BRIEF DESCRIPTION OF THE DRAWINGS

FIGS. 1A and 1B are a front elevational view and a side elevational view, respectively, of a first embodiment of a cutting and edge-preparing apparatus according to the present invention;

FIG. 2 is an exploded perspective view of a part of the apparatus illustrated in FIG. 1A;

FIG. 3 is a cross-sectional view of the apparatus illustrated in FIG. 1A taken on the line 3-3 in FIG. 1A;

FIG. 4 is a cross-sectional view of the apparatus illustrated in FIG. 1A taken on the line 4-4 in FIG. 1A;

FIG. 5 is a front elevational view of a gearbox of the apparatus illustrated in FIG. 1A with a cover of the gearbox being removed;

FIG. 6 is a perspective view of the gearbox illustrated in FIG. 5;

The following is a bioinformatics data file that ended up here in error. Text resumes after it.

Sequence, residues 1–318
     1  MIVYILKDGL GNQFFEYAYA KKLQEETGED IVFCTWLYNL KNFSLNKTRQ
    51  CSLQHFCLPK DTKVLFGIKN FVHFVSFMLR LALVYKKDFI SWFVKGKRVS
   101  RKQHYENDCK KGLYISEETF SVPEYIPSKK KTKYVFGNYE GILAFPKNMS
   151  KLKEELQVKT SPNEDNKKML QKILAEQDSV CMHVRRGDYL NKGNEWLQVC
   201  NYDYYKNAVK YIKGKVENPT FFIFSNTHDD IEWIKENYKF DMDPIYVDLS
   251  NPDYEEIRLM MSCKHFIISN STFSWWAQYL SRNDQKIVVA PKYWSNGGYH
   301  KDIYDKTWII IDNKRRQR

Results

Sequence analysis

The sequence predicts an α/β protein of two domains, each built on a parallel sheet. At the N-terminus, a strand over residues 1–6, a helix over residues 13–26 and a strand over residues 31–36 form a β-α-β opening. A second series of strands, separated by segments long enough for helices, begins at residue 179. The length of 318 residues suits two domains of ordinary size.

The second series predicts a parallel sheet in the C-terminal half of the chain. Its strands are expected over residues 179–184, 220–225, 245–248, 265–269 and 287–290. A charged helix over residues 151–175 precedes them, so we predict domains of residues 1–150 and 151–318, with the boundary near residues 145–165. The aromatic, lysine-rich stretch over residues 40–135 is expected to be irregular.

FIG. 7 is a cross-sectional view of the gearbox and apparatus taken on line 7-7 in FIG. 5 and illustrates a feed gearing for the rapid feed and slow feed of a tool holder;

FIG. 8 is a cross-sectional view of the gearbox and apparatus taken on line 8-8 in FIG. 5 and illustrates a rapid-feed-and-return gearing for the rapid feed and rapid return of a tool holder;

FIGS. 9A and 9B are a front elevational view and a side elevational view, respectively, of a second embodiment of a profiling, machining, and edge-preparing apparatus according to the present invention;

FIG. 10 is an elevational view of a tool holder of the profiling apparatus illustrated in FIG. 9A adjacent an edge of a pipe;

FIG. 11 is a front elevational view of a tool holder of the profiling apparatus illustrated in FIG. 9A,

FIG. 12 is a left side elevational view of a tool holder of the profiling apparatus illustrated in FIG. 9A;